Matthew Belmonte is a visiting researcher at the Com DEALL Trust, Bangalore, and a Reader in Psychology. His research addresses relationships between social cognition and non-social processes of cognitive, motor and perceptual control, within and beyond the autism spectrum.
His teaching experience spans continents and cultures, and includes scientific writing and communication, computer science, cognitive and developmental cognitive neuroscience, computational neuroscience, biological psychology, behavioural research methods, and brain imaging (fMRI and high-density EEG).
Dr Belmonte's research and teaching posts have included the University of Cambridge, Cornell University, and the National Brain Research Centre (India).
Dr Belmonte accepts students with interests in the following (representative) areas, using behavioural and / or cognitive neurophysiological methods:
- behavioural and neurophysiological correlations between social communicative skills and non-social tasks of cognitive, motor and perceptual control
- computer-based training of manual motor and oral motor skills prerequisite to communication in persons with autism who lack communicative speech
- behavioural, neurophysiological and epidemiological aspects of the relationship between culture, autistic traits, cognitive sex differences, and psychological distance and level of construal
- translation, cultural adaptation, and validation of quantitative and diagnostic measures of autism and autistic traits in South Asia
- global outreach to people on the autism spectrum, their families, teachers, therapists and other stakeholders.
Dr Belmonte's research has applied behavioural and cognitive neuroimaging (emphasis on high-density EEG / ERP) methods to investigate brain physiology in families affected by autism, helping to provide the basis of a current theory of abnormal connectivity within and between autistic neural and cognitive networks, and demonstrating that domain-general processes contribute to both social and non-social perception, cognition and action.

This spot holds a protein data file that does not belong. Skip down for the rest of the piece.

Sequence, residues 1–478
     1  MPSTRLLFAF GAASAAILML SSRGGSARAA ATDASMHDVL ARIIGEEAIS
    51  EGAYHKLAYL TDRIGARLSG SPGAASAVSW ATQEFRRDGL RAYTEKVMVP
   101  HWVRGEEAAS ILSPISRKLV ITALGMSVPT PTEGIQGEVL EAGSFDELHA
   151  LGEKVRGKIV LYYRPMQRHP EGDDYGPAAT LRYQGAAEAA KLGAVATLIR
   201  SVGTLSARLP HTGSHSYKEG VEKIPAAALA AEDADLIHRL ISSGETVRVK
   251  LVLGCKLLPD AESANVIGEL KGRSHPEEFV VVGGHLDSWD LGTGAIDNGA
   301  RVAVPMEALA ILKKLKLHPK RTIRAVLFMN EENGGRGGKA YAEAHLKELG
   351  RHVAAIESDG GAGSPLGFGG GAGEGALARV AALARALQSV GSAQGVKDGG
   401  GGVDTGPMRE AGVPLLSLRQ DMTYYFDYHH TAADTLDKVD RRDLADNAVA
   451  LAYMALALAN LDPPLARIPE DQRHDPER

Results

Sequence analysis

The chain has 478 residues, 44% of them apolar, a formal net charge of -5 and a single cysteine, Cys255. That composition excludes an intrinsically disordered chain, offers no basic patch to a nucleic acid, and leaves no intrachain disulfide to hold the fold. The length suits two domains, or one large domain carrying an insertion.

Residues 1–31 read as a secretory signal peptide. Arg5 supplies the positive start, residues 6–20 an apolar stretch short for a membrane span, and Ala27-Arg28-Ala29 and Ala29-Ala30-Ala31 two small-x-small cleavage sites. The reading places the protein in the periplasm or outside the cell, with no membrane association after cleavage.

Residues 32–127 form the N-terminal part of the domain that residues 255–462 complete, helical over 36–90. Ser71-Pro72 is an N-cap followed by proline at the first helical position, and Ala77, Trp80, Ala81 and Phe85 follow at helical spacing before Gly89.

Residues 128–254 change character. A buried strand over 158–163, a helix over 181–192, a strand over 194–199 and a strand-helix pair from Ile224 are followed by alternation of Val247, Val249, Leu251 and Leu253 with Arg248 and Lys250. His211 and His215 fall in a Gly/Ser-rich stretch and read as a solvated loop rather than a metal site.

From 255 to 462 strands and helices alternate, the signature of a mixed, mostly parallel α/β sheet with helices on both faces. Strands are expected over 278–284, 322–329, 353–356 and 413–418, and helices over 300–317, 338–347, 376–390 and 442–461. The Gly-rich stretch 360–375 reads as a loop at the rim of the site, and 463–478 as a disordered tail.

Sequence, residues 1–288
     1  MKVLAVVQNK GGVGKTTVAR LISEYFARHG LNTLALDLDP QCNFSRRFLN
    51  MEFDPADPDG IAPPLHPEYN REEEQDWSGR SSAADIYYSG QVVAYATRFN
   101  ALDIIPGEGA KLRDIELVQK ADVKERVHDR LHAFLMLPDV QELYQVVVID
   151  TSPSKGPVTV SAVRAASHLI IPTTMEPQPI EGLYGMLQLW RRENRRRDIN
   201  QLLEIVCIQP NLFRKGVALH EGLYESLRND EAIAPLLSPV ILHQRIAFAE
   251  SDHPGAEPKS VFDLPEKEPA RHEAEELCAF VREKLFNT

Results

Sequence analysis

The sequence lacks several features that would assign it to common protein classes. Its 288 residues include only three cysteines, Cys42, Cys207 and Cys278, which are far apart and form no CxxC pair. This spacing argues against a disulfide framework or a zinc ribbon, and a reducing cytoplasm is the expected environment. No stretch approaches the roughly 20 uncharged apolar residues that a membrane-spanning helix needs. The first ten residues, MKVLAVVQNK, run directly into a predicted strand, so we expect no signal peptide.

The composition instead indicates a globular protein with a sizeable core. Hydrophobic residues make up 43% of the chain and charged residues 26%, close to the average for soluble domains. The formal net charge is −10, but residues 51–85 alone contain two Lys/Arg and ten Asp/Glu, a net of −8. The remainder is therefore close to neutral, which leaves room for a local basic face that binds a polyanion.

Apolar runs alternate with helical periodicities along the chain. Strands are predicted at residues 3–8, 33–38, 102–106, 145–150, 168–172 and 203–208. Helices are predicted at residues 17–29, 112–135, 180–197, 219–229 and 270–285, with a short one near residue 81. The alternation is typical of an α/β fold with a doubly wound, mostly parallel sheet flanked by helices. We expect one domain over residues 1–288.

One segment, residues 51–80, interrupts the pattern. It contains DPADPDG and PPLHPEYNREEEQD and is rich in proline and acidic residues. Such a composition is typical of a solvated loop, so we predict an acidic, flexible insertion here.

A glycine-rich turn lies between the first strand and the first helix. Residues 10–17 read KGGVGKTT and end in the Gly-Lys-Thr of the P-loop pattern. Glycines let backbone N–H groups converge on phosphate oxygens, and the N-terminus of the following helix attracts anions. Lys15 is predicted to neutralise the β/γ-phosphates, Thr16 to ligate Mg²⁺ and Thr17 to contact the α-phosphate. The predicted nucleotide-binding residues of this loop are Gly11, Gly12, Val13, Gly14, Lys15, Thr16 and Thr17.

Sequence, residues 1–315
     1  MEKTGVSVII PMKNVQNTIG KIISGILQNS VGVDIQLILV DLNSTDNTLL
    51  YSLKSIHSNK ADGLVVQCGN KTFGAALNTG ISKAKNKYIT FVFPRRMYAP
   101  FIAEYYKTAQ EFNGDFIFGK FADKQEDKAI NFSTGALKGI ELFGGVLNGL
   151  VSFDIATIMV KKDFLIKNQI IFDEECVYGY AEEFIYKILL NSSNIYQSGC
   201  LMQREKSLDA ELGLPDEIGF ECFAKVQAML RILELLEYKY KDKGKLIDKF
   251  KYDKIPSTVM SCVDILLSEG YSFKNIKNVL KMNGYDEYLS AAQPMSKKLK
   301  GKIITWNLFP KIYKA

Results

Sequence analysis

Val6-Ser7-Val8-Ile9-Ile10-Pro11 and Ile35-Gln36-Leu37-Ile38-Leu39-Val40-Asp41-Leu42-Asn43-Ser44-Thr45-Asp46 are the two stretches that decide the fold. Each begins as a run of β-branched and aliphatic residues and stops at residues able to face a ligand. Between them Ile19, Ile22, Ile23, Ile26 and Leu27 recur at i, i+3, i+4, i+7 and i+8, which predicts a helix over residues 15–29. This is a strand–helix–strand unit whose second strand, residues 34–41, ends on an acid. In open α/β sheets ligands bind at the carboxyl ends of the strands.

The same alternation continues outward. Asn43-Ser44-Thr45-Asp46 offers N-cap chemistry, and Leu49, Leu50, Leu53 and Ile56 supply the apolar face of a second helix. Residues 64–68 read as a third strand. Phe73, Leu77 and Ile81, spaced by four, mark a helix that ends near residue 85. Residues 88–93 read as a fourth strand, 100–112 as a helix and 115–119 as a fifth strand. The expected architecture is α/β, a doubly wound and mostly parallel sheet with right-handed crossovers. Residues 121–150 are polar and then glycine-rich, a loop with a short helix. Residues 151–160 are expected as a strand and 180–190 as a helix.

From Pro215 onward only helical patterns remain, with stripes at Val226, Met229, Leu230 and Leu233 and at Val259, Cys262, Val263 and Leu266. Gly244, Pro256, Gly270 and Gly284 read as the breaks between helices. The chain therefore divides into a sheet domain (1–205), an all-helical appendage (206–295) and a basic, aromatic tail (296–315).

A current application of this work assays the effect of computer-assisted training of domain-general motor skills on autistic social communicative ability. A related interest is the interaction of individual differences in autistic traits, cognitive sex differences, individualistic-collectivistic cultural differences, and situational manipulations of psychological distance and level of construal, all of which seem to project onto one major axis of human cognitive variation, and which may map onto common neurophysiological traits relating to cognitive control and functional brain connectivity.
Dr Belmonte served on the Scientific Review Council of Cure Autism Now (2000 - 2006), was a founding member of the editorial board of Autism Research, the journal of the International Society for Autism Research (2007 - 2015), and since 2009 has served on the editorial boards of Molecular Autism and of Frontiers in Evolutionary Psychology and Neuroscience.
He has been an ad hoc reviewer for 47 other journals, as well as for the UK Medical Research Council, UK Economic and Social Research Council, US National Institutes of Health, US National Science Foundation, US Army Congressionally Directed Medical Research Programs, Netherlands Organisation for Scientific Research, Hungarian Scientific Research Fund, Autism Speaks, and several other foundations and institutions.
Sponsors and collaborators
Dr Belmonte's work has been funded to a total of more than £660,000 by governmental and private sponsors including the US National Science Foundation, the US-India Educational Foundation, Autism Speaks, Cure Autism Now, Fundac~ao BIAL, and Santander. He maintains active collaborations in India, the United Kingdom and the United States:
- The Com DEALL Trust (Bangalore)
- National Brain Research Centre (Manesar, India)
- Department of Applied Psychology, Science College, Calcutta University
- NHS Peterborough Neurodevelopmental Service
- Research on Autism and Development Laboratory, School of Medicine, University of California, San Diego
- EEG and Psychophysiology Laboratory, Department of Human Development, Cornell University
- The Groden Centre, Providence, Rhode Island.